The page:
by Natalie Alexandra Stitak, BGSU History major. This is one in a series of posts written by students in HIST 4800 in Spring, 2020, putting our world into historical context for the public.
From Native Americans to African Americans, many ethnic groups have made the image of Seattle what it is today. These ethnic groups, unfortunately, have faced many challenges, but have learned to overcome them and unite together.
In late January of 2020, my sister and I walked on this street in Seattle, Washington, while the rain poured down us and we tried to control our umbrellas in the wind. We were on our way to a Starbucks, so you could say we were having a true Seattle experience, getting drenched under a grey Seattle sky and impatiently waiting for a latte. Growing up, my sister and I had visited our family in this area several times and we would always marvel at the surrounding landscape, with gorgeous mountains and a breathtaking body of water to complete the Seattle skyline. I have learned to fall in love with the city, its music (especially Jimi Hendrix and Heart), its culture, and its way of life compared to growing up in the Mid-West.
What has always fascinated me is the diversity of the city. Like many large cities in the United States and in the world, there are many ethnic groups that live in and make the city alive. What is a sad truth, however, is that these ethnic groups have faced many adversities and discrimination throughout the history of the area. Just as the Irish immigrants that came over to Ellis Island on the other side of the country were seen as “outsiders” and “expendable,” many ethnic groups and minorities in the Seattle area would face the same type of discrimination. Looking at how the Native Americans, Japanese, and African Americans were treated in the area can tell us a story of how major historical events impacted the city and these people.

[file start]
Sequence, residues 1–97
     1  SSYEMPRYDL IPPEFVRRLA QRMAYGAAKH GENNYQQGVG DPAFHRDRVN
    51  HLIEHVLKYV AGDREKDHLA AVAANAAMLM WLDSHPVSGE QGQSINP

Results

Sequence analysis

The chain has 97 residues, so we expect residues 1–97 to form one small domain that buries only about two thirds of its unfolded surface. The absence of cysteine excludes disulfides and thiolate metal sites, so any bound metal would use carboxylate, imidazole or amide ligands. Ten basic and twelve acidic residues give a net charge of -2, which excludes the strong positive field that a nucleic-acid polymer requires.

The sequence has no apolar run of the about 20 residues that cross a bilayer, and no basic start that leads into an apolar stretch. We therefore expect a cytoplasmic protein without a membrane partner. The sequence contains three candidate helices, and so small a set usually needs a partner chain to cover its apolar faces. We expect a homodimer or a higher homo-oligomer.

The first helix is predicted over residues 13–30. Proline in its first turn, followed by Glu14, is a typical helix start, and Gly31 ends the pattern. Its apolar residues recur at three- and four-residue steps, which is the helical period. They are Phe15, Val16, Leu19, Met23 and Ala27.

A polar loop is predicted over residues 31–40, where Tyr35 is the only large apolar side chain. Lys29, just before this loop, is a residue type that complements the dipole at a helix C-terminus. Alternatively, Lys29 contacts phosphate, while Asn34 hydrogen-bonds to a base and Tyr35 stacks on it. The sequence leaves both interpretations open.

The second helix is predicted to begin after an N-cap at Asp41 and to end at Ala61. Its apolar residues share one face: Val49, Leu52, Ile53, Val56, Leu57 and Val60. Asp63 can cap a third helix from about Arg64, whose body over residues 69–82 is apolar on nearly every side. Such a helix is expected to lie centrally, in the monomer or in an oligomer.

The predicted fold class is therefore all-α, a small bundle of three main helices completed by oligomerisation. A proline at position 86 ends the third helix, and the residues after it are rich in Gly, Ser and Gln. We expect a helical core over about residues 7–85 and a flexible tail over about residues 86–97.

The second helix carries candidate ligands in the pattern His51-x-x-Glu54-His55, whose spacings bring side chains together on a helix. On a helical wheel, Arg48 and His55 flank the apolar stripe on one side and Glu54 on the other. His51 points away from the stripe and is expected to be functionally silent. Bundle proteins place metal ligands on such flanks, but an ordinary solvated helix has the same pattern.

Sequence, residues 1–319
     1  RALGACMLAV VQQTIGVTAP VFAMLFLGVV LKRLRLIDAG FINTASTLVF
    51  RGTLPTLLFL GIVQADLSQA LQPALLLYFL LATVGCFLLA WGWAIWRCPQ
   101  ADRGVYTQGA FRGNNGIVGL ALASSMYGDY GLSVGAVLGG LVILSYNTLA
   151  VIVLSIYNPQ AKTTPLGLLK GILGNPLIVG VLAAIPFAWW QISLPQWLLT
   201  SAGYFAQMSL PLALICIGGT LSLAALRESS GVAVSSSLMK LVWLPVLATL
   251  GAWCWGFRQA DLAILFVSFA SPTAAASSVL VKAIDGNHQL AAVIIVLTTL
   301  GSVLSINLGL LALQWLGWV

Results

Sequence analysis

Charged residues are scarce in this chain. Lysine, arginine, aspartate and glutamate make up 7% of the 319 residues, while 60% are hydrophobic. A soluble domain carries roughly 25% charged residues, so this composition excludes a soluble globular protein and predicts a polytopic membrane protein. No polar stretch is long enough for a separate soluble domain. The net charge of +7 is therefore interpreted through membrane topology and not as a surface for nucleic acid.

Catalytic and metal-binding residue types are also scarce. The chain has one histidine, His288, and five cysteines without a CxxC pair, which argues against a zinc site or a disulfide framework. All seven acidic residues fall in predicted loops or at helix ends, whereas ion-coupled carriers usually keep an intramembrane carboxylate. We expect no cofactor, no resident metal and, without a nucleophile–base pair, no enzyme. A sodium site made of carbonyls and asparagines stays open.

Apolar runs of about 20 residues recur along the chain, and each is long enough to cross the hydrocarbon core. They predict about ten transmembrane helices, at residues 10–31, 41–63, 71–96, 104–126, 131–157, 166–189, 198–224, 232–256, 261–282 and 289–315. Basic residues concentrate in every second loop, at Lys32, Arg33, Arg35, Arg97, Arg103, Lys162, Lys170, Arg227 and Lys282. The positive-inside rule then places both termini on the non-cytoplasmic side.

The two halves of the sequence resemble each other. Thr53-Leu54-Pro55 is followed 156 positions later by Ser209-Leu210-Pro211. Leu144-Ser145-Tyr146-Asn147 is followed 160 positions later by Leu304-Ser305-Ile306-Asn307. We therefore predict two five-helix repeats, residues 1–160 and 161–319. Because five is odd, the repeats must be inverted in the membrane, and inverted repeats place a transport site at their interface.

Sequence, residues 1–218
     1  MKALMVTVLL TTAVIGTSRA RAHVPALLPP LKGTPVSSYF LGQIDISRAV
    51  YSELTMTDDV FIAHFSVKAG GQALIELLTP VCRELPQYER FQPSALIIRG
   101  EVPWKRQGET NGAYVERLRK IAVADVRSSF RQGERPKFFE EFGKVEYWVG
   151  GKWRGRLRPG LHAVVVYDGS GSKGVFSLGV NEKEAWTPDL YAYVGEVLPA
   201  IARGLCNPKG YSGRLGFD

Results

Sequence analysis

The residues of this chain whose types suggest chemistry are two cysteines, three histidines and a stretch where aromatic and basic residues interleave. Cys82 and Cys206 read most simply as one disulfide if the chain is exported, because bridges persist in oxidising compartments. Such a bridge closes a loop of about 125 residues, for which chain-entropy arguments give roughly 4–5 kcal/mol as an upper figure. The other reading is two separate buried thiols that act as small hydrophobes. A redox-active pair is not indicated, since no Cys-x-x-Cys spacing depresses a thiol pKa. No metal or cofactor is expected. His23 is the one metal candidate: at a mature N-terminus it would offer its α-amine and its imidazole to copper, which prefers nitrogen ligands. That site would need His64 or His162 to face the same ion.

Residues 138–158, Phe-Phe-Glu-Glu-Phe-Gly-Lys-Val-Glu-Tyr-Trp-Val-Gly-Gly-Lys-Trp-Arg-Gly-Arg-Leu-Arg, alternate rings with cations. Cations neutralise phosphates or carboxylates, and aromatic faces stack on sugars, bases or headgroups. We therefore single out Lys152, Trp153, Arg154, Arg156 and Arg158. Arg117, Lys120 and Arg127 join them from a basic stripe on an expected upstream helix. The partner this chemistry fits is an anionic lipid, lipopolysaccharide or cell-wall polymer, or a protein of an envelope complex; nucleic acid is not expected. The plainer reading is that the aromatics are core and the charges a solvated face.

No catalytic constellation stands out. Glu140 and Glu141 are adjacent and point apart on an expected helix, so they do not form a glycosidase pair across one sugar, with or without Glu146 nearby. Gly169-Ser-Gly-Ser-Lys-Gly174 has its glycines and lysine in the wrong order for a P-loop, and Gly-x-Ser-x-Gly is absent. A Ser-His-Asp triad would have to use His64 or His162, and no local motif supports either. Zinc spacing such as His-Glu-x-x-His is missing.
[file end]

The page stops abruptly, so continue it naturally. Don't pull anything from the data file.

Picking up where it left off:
Just like the other Native American nations across the country, the Native Americans on the West Coast were greatly diverse and complex. Some of the Indigenous Tribes are the Suquamish, Duwamish, Snoqualmie, and several more (https://www.historylink.org/File/1506). As more pioneers came out West in the 1800s, the tribes found that their land was being taken away from them. Soon, the Duwamish were removed and forced to live in new areas like Ballast Island. Today, only 29 of the 32 tribes are recognized federally (http://www.ala.org/aboutala/indigenous-tribes-seattle-and-washington).
Imagine living on Bainbridge Island on Puget Sound and finding the family next door abruptly leaving their house with suitcases in hand. After Japanese fighter pilots attacked Pearl Harbor in Hawaii on December 7, 1941, President Roosevelt signed Executive Order 9066, which forced any person of Japanese descent to be sent to internment camps. Seattle was the first city to partake in this order, where the Japanese families that lived on Bainbridge Island on Puget Sound were the first in the Nation to be removed (https://www.historylink.org/File/240). In 1941, not far from Seattle and Tacoma, in Puyallup, the Washington State Fair brought joy and fun to many families. A year later, the fairgrounds would be changed into an internment camp that would be known as “Camp Harmony”. (http://www.southsoundtalk.com/2018/12/21/the-dark-history-of-the-washington-state-fairgrounds-during-wwii/)
As Seattle made know to the rest of world Jimi Hendrix in the 1960s, the city was in the midst of the Civil Rights Movement and trying to fight its own battles of prejudice and racism. (http://depts.washington.edu/civilr/). Segregation was not unique to the South, as segregation and red-lining were practiced in the Emerald City. Those who were against these practices did not wait passively on the sidelines. One group that did not wait, CORE (Congress of Racial Equality), fought for equality in schools, businesses, and homes and was able to accomplish integrated education in the city (https://www.youtube.com/watch?v=njRPouFjwHw).
While these moments of Seattle’s history seem grim and hopeless, many in Seattle share these stories and hope to bring a change to the area. From historical museums to local artists, there are many who strive to educate and to welcome all to the city. There are Natives Americans, Japanese Americans, and African Americans in the area who continue to advocate for their people, their families, their ancestors, and their cultures and aim to live in peace with one another. When I walked through the streets on that rainy day, I could see these actions in motion and I hope that the next time I visit, I can see that their desires have come to completion.
Natalie Alexandra Stitak